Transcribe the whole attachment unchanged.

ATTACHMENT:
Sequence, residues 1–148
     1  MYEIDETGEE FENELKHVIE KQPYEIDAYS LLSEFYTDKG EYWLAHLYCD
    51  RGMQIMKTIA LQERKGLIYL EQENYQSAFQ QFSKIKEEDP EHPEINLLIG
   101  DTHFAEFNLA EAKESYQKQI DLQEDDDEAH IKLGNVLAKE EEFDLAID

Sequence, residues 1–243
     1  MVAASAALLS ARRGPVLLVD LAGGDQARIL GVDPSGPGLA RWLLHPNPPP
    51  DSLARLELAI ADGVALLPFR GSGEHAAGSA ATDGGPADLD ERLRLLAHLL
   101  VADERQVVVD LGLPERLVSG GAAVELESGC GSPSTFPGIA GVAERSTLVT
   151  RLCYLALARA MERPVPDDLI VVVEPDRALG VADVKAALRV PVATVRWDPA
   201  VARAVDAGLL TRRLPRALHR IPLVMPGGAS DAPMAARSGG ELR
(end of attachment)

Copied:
Sequence, residues 1–148
     1  MYEIDETGEE FENELKHVIE KQPYEIDAYS LLSEFYTDKG EYWLAHLYCD
    51  RGMQIMKTIA LQERKGLIYL EQENYQSAFQ QFSKIKEEDP EHPEINLLIG
   101  DTHFAEFNLA EAKESYQKQI DLQEDDDEAH IKLGNVLAKE EEFDLAID

Sequence, residues 1–243
     1  MVAASAALLS ARRGPVLLVD LAGGDQARIL GVDPSGPGLA RWLLHPNPPP
    51  DSLARLELAI ADGVALLPFR GSGEHAAGSA ATDGGPADLD ERLRLLAHLL
   101  VADERQVVVD LGLPERLVSG GAAVELESGC GSPSTFPGIA GVAERSTLVT
   151  RLCYLALARA MERPVPDDLI VVVEPDRALG VADVKAALRV PVATVRWDPA
   201  VARAVDAGLL TRRLPRALHR IPLVMPGGAS DAPMAARSGG ELR